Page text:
Ryan Vachon excels on the steep, physical ice and mixed climbs found around his home in Boulder, Colorado. As a climate scientist he has more than a passing interest in the medium, but is far from being exclusively an ice climber.
Ryan had his first taste of climbing in the late 1980s scrambling around in a far corner of Massachusetts on the sharp end of his mother’s old clothesline. After his uncle, an old-school Outward Bound character, upgraded his rope to a goldline (notoriously hard to use and very stretchy), regular trips to the trad climbing heaven of Cathedral Ledge in New Hampshire became a part of life.
Although a strong interest in mountain bike racing developed, steep ice and granite were never far away, with classics such as The Black Dyke (NEI5-) and Beast 666 (5.11+) climbed and an expedition to Bolivia. However it was only after moving to Colorado to do postgraduate work that the climbing really took off. Spending two weeks at high altitude in Peru, drilling ice core for climate research, proved a seminal moment in Ryan’s relationship with mountains.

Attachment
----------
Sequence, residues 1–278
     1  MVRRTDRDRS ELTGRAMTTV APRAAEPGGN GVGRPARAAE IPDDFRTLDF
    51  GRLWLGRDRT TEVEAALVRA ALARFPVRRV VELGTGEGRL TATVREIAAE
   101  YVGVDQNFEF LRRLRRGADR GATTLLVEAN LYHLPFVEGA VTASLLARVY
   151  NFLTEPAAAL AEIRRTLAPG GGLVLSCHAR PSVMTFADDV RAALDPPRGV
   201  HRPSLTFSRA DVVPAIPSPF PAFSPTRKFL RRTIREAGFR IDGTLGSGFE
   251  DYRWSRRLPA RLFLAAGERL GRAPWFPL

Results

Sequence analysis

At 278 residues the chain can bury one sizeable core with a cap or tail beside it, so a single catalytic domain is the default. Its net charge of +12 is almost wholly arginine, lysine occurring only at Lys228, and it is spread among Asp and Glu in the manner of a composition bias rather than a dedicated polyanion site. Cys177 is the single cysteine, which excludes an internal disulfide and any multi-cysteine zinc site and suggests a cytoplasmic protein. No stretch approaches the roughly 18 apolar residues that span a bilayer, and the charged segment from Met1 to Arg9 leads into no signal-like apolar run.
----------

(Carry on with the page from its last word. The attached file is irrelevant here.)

“No better way to bond with great people than to get stuck into science on the top of beautiful mountains.”
In 2012 he had another epiphany visiting Vail’s super steep mixed routes for the first time. Since then he has truly mastered this style and embraced Jeff Mercier‘s DTS philosophy
- Jedi Mind Tricks, (M13), Canyon City – Second spurless ascent
- Redbeard (M11+), Vail – First traditionally protected ascent of a route of the grade (final ice was missing)
- Circling Sharks (M8+ 200m), Rocky Mountain National Park – First ascent
- Californication (5.13-), Little Si, WA
- StratoFortress (in reverse) (M13), Vail – Flash, French DTS
- Mustang (M14-), Vail – French DTS